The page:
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Installing Oracle 9i on Mac OS X, Part 1

by David Simpson
11/12/2002

Editor's note: In this first part of a three-part series exploring Oracle 9i on Mac OS X, David Simpson provides you with some excellent background information and a look at the ramifications for Solaris administrators. In Part 2, he'll discuss the conversion for FileMaker administrators, followed by Part 3, where he pulls information from Oracle's documentation, various Web sites, and personal research to detail the actual installation process of Oracle 9i Developer Release 1 on Mac OS X.

Oracle and the Macintosh

I've been an Apple customer since I bought my 128K Macintosh in 1984, and I make my living performing Solaris and Windows system administration in my role as an Oracle DBA. So it's been very exciting for me to see the introduction of Mac OS X and now the availability of Oracle 9i on Mac OS X. With its highly regarded BSD UNIX core, Mac OS X enjoys the reliability previously obtained only from UNIX/Linux servers.

This UNIX core also enhances developer's ability to efficiently port applications to Mac OS X. Applications such as OpenOffice, Sybase, and now Oracle 9i would probably never have been ported to the Mac platform if it were not for Mac OS X. UNIX developers who already have a non-graphical program running on an existing UNIX/Linux platform often need to make very few changes to their application in order to support Mac OS X.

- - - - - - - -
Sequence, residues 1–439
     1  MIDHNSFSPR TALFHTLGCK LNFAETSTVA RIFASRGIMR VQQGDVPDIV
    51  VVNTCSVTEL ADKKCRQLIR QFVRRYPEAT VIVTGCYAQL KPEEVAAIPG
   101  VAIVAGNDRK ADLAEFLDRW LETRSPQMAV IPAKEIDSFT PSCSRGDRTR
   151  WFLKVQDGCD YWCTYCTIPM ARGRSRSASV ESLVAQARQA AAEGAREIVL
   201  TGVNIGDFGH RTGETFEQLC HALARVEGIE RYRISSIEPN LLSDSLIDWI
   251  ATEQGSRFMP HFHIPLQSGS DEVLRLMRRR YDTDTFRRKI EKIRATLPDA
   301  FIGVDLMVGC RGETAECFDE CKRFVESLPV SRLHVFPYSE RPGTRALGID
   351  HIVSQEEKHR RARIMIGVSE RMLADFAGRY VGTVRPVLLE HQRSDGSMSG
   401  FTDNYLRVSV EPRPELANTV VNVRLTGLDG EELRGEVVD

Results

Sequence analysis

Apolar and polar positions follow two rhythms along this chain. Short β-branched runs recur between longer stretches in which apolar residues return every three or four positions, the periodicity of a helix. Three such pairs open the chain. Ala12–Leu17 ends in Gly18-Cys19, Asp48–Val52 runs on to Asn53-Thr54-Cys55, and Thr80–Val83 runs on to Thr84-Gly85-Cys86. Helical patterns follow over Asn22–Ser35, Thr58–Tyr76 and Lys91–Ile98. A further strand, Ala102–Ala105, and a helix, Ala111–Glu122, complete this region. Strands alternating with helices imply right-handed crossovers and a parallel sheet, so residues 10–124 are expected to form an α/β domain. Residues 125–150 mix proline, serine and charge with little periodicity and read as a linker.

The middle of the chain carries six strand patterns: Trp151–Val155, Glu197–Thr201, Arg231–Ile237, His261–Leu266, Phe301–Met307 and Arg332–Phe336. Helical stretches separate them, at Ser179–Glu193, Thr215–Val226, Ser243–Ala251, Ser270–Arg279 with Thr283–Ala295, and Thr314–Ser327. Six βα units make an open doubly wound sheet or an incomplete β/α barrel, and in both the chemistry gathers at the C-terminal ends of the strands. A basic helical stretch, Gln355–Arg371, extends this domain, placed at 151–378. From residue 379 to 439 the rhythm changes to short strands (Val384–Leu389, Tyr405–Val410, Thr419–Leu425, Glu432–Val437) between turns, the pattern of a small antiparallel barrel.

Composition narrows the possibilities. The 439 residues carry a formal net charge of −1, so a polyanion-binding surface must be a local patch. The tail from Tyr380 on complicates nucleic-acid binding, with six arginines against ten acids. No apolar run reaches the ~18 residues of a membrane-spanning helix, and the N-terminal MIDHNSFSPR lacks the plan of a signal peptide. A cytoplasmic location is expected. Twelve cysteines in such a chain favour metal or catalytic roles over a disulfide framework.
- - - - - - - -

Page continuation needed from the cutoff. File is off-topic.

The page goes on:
Because Oracle databases generally work almost identically on each platform upon which they run, it's really only a matter of learning the quirks of platform-specific installation steps such as running oradim.exe on Windows to create entries in the Services Control Panel or creating a database startup/shutdown script within the /etc/rc3.d directory on Solaris. On Mac OS X, this same task is accomplished by creating the /Library/StartupItems/Oracle/Oracle startup/shutdown script along with its associated StartupParameters.plist file within the same directory.

I have some background information that I need to cover before getting into the specifics of installing Oracle on Mac OS X. So let's take care of that business now.

What Oracle 9i on Mac OS X Means to Apple

Why is the availability of Oracle 9i on Mac OS X important to Apple?

What Oracle 9i on Mac OS X Means to Oracle

Is Mac OS X just another UNIX platform?

This doesn't mean that Oracle isn't trying or making progress with improving usability. The latest versions of the Oracle Enterprise Manager Console are rich with features and continue to improve with each revision. And with each revision of the database, additional database configuration parameters are automatically tuned by the database instead of the DBA. Some of the complexity is the result of the fact that the database has so many features and options available. And customers certainly like as many features and options as they can get in any product.

Oracle may end up being surprised at the usability demands made by Macintosh customers. Macintosh customers have very high standards for usability. In the UNIX server marketplace, most applications have two user interfaces. One interface is the pretty looking graphical interface you see on the marketing brochures, and the other interface is the command line interface. It is generally accepted by UNIX administrators that the GUI interface versions of most applications just simply don't work well. Experienced system administrators will often go right to the command line interface and seldom use the GUI interface.